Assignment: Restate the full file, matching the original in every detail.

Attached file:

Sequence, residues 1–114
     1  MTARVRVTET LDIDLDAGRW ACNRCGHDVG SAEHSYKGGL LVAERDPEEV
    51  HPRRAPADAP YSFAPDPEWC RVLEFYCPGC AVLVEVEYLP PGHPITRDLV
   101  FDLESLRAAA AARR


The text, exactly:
Sequence, residues 1–114
     1  MTARVRVTET LDIDLDAGRW ACNRCGHDVG SAEHSYKGGL LVAERDPEEV
    51  HPRRAPADAP YSFAPDPEWC RVLEFYCPGC AVLVEVEYLP PGHPITRDLV
   101  FDLESLRAAA AARR